Reinstating the death penalty, next step in repression unleashed by Erdogan
Although the Turkish president denies wanting to take advantage of the situation, there seems to be no end to the wave of arrests taking place, as well as thousands of military and police officers, generals and judges. In this regard, experts from the Council of Europe yesterday stated that "mass arrests and referrals of judges are not an acceptable means to restore democracy".
Ankara (AsiaNews / Agencies) - The reintroduction of the death penalty is the next target of the repression unleashed by Turkish President Recep Tayyip Erdogan in the aftermath of the attempted coup. On several occasions, "the sultan" has in fact said that the death penalty will return "if the people demand it," repeating this morning in an impromptu speech to a group of his supporters gathered outside from the presidential palace, "you cannot ignore what the people demand".
"Today - he continued - Today is there no capital punishment in America? In Russia? In China? In countries around the world? Only in European Union countries is there no capital punishment". In fact there have been many voices raised in Europe, calling on Erdogan not to reintroduce the death penalty that Turkey abolished in 2004, as part of the process for entry into the EU. They were joined by the US Secretary of State John Kerry, after a meeting with EU foreign ministers, who said: "we also urge the government of Turkey to uphold the highest standards of respect for the nation's democratic institutions and the rule of law ".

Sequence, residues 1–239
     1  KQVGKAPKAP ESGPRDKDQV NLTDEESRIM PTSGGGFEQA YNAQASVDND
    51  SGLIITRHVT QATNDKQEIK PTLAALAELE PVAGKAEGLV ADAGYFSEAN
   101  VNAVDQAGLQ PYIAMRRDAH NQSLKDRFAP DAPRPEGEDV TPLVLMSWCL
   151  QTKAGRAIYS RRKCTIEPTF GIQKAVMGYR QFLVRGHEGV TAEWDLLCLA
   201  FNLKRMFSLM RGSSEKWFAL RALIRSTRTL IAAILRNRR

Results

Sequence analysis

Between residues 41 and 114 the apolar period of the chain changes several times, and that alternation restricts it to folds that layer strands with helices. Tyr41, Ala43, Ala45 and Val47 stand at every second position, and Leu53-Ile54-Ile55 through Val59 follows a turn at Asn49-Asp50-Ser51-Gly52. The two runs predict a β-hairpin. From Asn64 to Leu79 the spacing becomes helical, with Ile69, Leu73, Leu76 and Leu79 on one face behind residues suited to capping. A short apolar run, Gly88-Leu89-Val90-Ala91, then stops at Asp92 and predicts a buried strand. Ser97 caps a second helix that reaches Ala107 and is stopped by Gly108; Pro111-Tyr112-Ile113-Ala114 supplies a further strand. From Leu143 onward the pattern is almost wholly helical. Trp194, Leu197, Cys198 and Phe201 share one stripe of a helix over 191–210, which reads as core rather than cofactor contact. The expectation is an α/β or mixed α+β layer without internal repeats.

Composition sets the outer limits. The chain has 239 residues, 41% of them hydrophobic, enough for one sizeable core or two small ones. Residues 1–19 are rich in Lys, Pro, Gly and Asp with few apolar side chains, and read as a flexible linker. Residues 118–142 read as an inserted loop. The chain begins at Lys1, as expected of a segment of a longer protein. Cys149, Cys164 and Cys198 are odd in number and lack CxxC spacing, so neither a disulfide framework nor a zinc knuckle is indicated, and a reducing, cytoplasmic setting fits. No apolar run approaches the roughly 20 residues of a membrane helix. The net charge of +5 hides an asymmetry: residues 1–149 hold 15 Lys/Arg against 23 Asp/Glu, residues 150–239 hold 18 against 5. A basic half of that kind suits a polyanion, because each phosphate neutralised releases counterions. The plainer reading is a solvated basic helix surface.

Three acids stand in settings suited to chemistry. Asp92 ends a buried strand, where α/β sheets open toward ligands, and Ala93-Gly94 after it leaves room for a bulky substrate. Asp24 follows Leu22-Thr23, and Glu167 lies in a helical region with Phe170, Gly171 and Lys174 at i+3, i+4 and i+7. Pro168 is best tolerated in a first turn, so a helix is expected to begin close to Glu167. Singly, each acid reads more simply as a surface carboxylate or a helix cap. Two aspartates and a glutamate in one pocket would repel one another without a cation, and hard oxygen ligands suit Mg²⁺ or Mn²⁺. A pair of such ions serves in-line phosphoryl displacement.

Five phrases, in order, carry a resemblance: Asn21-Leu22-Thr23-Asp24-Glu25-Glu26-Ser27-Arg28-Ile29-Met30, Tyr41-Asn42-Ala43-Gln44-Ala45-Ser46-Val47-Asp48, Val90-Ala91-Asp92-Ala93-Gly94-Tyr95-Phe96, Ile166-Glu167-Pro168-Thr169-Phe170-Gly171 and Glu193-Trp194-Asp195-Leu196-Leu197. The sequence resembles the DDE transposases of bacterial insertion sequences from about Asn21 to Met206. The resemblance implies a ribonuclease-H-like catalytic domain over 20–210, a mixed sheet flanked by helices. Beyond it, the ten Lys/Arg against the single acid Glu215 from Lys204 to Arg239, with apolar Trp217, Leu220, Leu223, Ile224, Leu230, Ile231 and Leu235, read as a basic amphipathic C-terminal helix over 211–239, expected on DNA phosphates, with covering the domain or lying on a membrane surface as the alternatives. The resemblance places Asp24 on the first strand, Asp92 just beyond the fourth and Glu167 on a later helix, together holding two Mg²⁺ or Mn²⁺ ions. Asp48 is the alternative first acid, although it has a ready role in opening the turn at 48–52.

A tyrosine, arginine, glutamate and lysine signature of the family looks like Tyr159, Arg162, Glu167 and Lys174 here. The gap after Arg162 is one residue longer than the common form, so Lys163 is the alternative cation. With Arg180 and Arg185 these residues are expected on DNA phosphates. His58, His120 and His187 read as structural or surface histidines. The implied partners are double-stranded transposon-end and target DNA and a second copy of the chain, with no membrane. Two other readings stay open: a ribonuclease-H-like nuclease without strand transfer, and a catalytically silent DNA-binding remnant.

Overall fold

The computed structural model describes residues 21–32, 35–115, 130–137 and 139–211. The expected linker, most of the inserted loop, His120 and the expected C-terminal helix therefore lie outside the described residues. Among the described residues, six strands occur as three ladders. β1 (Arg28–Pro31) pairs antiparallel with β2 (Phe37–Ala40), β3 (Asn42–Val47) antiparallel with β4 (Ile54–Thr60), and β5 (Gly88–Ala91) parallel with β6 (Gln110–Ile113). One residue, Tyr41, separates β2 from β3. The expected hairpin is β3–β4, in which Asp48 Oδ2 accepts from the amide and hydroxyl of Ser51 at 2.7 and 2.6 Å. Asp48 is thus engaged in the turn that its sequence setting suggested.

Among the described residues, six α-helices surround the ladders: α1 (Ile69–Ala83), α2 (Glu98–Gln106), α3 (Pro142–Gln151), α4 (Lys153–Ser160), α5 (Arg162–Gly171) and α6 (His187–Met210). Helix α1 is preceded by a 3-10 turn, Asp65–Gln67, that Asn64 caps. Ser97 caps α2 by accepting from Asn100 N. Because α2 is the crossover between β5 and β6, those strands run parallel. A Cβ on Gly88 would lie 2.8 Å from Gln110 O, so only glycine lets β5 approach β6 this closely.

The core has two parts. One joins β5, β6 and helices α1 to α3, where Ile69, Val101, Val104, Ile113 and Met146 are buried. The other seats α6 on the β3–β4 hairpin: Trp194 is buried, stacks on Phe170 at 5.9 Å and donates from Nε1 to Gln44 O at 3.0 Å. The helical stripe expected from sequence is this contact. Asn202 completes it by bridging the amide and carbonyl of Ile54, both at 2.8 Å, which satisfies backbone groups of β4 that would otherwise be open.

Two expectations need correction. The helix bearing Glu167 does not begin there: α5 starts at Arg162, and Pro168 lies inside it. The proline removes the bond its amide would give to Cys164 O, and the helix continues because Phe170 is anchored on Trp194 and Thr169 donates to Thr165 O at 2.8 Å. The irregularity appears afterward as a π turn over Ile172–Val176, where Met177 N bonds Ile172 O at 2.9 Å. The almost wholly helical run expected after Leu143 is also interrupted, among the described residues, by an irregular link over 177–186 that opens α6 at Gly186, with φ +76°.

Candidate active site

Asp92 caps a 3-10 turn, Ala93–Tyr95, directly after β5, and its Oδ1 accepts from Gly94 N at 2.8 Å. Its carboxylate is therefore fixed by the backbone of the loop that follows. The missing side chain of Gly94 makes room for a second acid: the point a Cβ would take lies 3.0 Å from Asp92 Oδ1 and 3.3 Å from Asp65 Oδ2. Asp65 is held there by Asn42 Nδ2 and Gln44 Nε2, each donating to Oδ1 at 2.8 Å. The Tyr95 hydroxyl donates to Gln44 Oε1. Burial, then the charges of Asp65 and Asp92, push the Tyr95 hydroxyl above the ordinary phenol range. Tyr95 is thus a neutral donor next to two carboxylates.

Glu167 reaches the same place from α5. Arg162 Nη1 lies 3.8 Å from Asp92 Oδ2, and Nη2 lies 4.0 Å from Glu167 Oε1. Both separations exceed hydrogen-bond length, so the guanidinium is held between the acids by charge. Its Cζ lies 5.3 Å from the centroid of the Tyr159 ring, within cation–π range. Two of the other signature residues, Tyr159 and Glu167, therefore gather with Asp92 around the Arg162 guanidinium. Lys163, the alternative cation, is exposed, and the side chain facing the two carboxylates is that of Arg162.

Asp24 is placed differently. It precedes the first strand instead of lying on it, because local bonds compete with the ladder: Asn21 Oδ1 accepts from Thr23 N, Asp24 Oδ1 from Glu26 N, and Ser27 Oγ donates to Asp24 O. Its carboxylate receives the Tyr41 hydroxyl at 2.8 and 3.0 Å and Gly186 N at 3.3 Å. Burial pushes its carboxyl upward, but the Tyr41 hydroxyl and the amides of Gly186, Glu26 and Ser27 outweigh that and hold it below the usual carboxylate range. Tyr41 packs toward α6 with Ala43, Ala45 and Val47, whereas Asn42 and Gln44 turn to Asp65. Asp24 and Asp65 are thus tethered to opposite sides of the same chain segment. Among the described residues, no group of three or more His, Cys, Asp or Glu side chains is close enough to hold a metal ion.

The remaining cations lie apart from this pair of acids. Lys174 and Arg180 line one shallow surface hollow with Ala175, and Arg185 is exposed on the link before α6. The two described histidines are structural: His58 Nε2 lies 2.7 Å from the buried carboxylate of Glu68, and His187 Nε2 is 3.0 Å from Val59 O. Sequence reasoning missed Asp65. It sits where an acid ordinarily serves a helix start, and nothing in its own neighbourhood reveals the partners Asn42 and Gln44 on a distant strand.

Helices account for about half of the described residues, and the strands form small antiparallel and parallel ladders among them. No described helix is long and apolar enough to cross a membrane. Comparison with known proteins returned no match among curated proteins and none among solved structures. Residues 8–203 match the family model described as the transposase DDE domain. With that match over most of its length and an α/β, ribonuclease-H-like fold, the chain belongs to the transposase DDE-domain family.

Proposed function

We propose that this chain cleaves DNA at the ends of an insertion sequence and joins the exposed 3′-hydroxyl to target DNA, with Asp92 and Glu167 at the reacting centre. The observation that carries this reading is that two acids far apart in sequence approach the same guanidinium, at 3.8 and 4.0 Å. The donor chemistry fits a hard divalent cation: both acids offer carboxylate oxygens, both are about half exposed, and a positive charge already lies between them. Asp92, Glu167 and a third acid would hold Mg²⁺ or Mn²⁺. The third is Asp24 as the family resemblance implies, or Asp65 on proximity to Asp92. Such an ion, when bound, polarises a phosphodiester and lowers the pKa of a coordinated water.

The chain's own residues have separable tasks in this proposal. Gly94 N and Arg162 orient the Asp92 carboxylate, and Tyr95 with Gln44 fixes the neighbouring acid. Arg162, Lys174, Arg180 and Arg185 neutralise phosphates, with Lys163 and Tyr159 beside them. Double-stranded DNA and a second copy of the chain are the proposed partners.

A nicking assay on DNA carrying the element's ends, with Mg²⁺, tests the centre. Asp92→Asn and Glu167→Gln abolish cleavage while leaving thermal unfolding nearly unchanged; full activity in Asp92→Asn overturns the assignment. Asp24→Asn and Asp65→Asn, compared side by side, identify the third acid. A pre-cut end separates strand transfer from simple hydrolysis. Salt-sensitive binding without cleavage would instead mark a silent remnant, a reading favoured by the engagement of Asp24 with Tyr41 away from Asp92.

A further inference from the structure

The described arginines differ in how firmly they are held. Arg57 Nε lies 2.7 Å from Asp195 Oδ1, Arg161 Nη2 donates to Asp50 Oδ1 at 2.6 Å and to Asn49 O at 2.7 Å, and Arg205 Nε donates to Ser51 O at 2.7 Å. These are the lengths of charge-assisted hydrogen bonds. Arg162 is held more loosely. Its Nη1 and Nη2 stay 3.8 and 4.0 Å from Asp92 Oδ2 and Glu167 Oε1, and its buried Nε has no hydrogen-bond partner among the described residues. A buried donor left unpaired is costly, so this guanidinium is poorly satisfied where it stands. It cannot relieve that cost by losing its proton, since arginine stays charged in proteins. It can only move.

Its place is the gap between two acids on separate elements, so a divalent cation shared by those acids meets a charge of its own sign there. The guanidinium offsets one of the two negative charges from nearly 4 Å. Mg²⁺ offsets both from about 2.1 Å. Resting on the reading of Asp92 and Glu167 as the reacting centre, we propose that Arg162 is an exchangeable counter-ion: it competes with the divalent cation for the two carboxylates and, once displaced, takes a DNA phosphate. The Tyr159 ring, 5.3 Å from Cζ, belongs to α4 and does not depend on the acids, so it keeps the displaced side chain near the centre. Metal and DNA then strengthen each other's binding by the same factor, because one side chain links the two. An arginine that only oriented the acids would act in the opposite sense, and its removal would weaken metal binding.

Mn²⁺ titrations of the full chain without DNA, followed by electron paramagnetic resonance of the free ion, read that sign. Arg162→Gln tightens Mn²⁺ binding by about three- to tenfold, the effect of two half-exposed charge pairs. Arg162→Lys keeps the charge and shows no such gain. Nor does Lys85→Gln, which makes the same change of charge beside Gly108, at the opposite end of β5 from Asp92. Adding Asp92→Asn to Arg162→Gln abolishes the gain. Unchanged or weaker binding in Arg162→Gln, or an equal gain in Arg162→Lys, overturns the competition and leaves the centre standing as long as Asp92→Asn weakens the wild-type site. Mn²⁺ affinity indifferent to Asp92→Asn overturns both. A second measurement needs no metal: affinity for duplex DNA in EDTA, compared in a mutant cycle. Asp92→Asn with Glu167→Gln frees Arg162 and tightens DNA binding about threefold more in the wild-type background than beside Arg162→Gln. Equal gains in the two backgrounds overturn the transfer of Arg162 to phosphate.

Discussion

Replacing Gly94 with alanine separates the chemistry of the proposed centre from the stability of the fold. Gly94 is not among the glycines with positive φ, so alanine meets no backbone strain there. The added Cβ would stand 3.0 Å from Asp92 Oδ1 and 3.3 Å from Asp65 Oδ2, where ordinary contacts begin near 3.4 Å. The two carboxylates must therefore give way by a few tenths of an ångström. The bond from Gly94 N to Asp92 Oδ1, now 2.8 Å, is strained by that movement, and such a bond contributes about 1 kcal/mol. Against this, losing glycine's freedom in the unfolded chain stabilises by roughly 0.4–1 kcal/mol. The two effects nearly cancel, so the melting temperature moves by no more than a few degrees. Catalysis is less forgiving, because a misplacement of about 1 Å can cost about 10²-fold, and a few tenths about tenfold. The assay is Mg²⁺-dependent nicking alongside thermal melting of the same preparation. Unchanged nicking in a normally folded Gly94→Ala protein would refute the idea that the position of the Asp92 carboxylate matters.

Yesterday the Turkish president also denied he was taking advantage of the attempted coup to eliminate all forms of opposition and push through the presidential reform which he has long desired. Erdogan has termed such criticism as "libel", adding " If Tayyip Erdogan was an oppressive figure, he wouldn't have won 52% of the vote at the presidential elections".
Beyond his statements, there seems to be no end to the wave of arrests that is taking place, as well as thousands of military and police officers, generals and three thousand judges. In this regard, experts from the Council of Europe yesterday stated that "mass arrests and referrals of judges are not an acceptable means to restore democracy". "Like any citizen, any judge is entitled to a fair procedure - disciplinary and / or criminal - during which his responsibility must be duly proven and his right to defense respected," read a statement released by Gianni Buquicchio, President of the Venice Commission, an advisory body of constitutional experts of the Council of Europe.
Erdogan ultimately appears determined to use this opportunity to eliminate all those who in one way or another, are considered to support Fethullah Gulen positions, the cleric who is a former ally of the president but today his main opponent. Erdogan has again asked the United States, where Gulen currently lives, to extradite him to Turkey, accusing him of being the mastermind of the failed coup. Turkey, Kerry replied, "must provide evidence, not charges".